On Friday, Harris noted that while Del Norte High School’s 2017-18 graduation rate improved by .1 percent, Sunset High School’s declined by 5.1 percent. Sunset’s graduation rate was 83 percent in 2016-17 compared to the 2017-18 rate of 78.6 percent.
However, Harris said, the graduation rate in California is determined by cohort — that is, students who started as freshmen and graduated with their class four years later. A lot of “fifth-year seniors” attend Sunset High School, he said, but there aren’t many dropouts.
Harris noted Sunset has anywhere from 35 to 50 seniors and typically takes in students that are 16 years old or older and are significantly credit deficient.
As for its chronic absenteeism numbers, Harris said the district had a decrease in chronic absenteeism by more than 8 percent from the 2015-16 rate of 24.2 percent to the 2016-17 rate of 20.9 percent and finally to the 2018 rate of 16.3 percent.
Del Norte County Unified’s 2017-18 chronic absenteeism rate is still higher than the state average of 9 percent, however, Harris noted the statewide chronic absenteeism increased by 3 percent.
“I think the teachers are developing good relationships with families and kids — there’s been more outreach,” he said. “We as a district are ensuring that schools are getting funds for attendance incentives, for student recognition for kids that are attending.”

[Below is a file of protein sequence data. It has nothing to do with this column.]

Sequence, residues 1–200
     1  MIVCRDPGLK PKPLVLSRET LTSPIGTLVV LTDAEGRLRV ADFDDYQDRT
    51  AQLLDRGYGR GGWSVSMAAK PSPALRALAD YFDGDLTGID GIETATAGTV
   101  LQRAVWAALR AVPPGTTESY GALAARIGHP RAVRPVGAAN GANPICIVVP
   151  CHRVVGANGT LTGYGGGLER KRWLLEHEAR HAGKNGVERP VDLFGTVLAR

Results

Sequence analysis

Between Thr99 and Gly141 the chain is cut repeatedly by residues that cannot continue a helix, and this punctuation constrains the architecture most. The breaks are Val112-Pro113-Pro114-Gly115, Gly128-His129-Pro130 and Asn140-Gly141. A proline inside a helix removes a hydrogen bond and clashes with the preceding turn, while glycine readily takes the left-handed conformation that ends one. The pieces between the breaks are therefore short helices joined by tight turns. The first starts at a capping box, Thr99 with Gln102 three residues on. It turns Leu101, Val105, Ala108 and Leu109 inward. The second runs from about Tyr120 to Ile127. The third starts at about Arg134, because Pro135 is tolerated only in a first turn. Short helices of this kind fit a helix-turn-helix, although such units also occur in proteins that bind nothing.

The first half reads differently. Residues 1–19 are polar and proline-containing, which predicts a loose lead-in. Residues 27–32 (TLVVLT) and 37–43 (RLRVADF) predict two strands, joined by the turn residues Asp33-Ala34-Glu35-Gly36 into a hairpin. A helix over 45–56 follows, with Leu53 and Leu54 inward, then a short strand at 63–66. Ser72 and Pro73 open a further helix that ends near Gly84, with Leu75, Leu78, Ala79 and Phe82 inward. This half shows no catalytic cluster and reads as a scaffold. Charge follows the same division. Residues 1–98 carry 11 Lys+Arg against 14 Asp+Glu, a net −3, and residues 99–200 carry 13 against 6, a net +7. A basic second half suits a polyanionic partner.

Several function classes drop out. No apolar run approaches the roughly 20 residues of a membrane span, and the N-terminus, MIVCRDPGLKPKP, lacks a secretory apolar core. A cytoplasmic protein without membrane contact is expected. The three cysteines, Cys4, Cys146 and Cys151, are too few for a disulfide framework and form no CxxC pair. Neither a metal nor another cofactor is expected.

Del Norte County Unified School District is also trying to find out why students may miss school, Harris said. It is partnering with the Del Norte County Probation Department and the district attorney on prevention and early intervention work, he said. There are other local partners that are pushing the academic and educational side of things as well, Harris said.
“Families who have kids in preschool and first grade are hearing from their preschool folks how important it is to attend school for the first-graders and as we’re talking about first grade, we’re talking about how important it is to attend preschool,” he said. “They’re hearing the same message really consistently.”
Meanwhile, Del Norte County Unified School District’s 2017-18 suspension rate, at 4.8 percent, shows a 3.7 percent decline from the previous rate, Harris said. This puts the district closer to the 2017-18 statewide average of 3.5 percent. Last year, he said, Del Norte was nearly double the statewide suspension rate.
Noting that suspension is the most serious disciplinary action short of expulsion, Harris said the district has made sure that disciplinary practices were “commensurate with the education code that was violated.”